Fri, Jul 25, 2014 - Page 9 News List

WWI hundredth anniversary highlights continued waste of war

By Jeffrey Sachs

Karl Marx famously wrote that history repeats itself, “the first time as tragedy, the second time as farce.” Yet, when we look around nowadays, we can’t help but wonder whether tragedy will be followed by yet more tragedy. Here we are at the centenary of the outbreak of World War I and we find ourselves surrounded by cascading violence, duplicity and cynicism of the very sort that brought the world to disaster in 1914, and the world regions involved then are involved again.

World War I began with a mindset, one based on the belief that military means could resolve pressing social and political issues in Central Europe. A century earlier, the German military theorist Carl von Clausewitz had written that war is “a continuation of political intercourse carried on with other means.” Enough politicians, in 1914, agreed.

Yet World War I proved Clausewitz tragically wrong for modern times. War in the industrial age is tragedy, disaster and devastation; it solves no political problems. War is a continuation not of politics, but of political failure.

WWI ended four imperial regimes: the Prussian (Hohenzollern) dynasty, the Russian (Romanov) dynasty, the Turkish (Ottoman) dynasty and the Austro-Hungarian (Habsburg) dynasty. The war not only caused millions of deaths; it also left a legacy of revolution, state bankruptcy, protectionism and financial collapse that set the stage for Adolf Hitler’s rise, World War II and the Cold War.

WAR IS POLITICAL FAILURE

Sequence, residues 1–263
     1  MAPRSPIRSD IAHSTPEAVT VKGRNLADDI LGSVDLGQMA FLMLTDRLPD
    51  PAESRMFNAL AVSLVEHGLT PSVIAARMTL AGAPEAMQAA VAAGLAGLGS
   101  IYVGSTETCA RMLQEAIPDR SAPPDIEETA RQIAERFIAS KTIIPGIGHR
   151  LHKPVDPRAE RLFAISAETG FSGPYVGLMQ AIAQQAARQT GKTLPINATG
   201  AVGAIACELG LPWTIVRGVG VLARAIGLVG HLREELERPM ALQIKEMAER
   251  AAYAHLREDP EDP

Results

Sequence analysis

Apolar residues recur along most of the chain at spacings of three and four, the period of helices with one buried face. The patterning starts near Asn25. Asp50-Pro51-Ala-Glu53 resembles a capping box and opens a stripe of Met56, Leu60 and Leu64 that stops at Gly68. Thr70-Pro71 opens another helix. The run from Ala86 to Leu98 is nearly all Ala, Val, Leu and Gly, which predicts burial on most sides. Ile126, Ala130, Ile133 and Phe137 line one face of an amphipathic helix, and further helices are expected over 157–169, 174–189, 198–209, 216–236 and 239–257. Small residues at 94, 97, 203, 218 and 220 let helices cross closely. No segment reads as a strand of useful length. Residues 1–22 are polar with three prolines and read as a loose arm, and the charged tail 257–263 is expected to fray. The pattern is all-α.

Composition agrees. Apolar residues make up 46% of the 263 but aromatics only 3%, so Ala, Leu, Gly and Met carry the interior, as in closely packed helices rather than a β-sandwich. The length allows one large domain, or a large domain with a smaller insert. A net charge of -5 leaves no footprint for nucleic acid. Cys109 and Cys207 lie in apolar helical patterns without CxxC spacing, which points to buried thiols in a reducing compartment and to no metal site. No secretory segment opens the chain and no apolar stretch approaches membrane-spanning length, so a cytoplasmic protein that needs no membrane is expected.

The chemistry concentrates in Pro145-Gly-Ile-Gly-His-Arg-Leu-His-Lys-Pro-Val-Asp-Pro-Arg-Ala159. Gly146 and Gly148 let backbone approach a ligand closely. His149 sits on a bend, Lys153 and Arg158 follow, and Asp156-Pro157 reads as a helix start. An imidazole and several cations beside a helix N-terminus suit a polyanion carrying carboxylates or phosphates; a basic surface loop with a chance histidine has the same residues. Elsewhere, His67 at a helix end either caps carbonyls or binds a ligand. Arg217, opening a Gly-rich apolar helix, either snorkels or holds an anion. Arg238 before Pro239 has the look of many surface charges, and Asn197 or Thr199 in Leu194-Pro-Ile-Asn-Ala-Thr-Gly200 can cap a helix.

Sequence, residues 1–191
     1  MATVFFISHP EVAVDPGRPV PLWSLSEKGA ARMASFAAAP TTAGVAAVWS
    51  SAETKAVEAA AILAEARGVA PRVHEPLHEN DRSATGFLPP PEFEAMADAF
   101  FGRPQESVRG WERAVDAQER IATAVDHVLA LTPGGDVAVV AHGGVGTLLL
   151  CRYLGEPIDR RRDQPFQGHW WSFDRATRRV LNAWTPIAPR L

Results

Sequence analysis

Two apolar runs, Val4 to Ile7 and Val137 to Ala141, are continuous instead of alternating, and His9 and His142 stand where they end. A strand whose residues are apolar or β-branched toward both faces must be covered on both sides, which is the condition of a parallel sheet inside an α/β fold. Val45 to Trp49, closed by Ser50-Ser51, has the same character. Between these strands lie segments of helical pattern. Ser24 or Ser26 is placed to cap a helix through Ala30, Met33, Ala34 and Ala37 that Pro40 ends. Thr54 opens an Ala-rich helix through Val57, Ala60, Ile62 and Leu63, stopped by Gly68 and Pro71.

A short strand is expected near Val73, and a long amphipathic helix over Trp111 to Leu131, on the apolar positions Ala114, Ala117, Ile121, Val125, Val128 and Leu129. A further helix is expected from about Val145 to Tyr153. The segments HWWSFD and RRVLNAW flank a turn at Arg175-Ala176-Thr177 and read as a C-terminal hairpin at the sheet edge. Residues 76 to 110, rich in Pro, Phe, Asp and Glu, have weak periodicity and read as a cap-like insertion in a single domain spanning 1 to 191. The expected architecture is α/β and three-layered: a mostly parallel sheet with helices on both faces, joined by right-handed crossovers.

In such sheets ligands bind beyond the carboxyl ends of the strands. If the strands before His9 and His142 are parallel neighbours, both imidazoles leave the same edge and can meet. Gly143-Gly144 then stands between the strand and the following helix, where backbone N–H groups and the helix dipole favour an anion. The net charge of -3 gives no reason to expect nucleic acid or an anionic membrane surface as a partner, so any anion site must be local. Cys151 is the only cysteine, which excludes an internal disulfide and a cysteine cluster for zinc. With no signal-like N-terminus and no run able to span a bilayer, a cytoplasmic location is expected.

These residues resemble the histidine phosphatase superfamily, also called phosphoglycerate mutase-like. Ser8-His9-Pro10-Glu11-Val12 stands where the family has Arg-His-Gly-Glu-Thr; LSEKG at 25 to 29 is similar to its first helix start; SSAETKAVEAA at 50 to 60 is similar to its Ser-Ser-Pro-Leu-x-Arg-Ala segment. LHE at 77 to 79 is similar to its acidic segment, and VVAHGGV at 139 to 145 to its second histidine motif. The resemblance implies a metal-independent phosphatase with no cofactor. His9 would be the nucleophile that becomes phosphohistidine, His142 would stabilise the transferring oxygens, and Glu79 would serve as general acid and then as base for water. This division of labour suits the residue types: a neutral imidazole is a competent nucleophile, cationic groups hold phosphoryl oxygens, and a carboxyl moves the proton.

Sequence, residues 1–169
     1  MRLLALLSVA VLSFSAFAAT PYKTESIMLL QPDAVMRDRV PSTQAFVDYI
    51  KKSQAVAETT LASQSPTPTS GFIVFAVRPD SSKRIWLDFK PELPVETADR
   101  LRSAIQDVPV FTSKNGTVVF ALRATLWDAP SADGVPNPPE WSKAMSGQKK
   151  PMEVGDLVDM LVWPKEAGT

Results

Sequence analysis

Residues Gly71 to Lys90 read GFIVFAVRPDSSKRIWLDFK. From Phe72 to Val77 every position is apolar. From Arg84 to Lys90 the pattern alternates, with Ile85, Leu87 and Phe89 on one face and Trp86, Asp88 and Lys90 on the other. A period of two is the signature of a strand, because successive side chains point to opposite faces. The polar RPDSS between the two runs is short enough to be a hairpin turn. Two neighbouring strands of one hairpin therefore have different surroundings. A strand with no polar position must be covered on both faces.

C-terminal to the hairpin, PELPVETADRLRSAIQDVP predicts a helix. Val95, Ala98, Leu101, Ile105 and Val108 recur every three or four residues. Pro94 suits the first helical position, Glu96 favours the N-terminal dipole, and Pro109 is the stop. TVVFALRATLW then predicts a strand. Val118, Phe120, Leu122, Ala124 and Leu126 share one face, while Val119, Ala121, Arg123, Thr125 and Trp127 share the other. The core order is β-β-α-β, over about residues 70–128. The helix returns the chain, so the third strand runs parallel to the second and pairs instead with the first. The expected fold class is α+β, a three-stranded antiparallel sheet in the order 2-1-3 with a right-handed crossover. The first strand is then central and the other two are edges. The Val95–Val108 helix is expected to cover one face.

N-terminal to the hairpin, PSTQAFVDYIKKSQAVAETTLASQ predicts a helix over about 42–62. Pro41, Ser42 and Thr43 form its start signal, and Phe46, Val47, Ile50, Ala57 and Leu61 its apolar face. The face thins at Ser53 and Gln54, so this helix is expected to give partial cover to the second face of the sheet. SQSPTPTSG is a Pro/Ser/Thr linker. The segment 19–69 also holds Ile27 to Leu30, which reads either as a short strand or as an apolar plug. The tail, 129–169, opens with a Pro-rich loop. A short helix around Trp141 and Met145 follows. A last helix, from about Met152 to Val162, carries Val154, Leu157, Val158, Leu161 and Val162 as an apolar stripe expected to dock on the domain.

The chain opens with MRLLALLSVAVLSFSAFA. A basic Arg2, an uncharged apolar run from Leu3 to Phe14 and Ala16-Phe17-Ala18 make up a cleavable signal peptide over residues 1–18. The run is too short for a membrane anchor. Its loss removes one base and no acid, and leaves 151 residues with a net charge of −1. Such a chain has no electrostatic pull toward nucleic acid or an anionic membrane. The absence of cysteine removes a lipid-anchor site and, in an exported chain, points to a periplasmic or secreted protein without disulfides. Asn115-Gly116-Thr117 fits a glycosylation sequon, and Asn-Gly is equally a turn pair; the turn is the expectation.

We are still reeling today. Territory that was once within the multi-ethnic, multi-state, multi-religious Ottoman Empire is again engulfed in conflict and war, stretching from Libya to Palestine-Israel, Syria and Iraq. The Balkan region remains sullen and politically divided, with Bosnia and Herzegovina unable to institute an effective central government and Serbia deeply jolted by the 1999 NATO bombing and the contentious independence of Kosovo in 2008, over its bitter opposition.

The former Russian Empire is in growing turmoil as well, a kind of delayed reaction to the collapse of the Soviet Union in 1991, with Russia attacking Ukraine and violence continuing to erupt in Georgia, Moldova and elsewhere. In East Asia, tensions between China and Japan — echoes of the previous century — are a growing danger.

As was the case a century ago, vain and ignorant leaders are pushing into battle without clear purpose or realistic prospects for resolution of the underlying political, economic, social, or ecological factors that are creating the tensions in the first place. The approach of too many governments is to shoot first, think later.

Take the US: Its basic strategy has been to send troops, drones, or bombers to any place that would threaten America’s access to oil, harbors Islamic fundamentalists, or otherwise creates problems — say, piracy off the coast of Somalia — for US interests. Hence, US troops, the CIA, or US-backed armies are engaged in fighting across a region stretching from the Sahel in West Africa, through Libya, Somalia, Yemen, Syria, Iraq, Afghanistan and beyond.

All of this military activity costs hundreds of thousands of lives and trillions of dollars. But, rather than solving a single underlying problem, the chaos is growing, threatening an ever-widening war.

Russia is not handling itself any better. For a while, Russia backed international law, rightly complaining that the US and NATO were violating international law in Kosovo, Iraq, Syria, and Libya.

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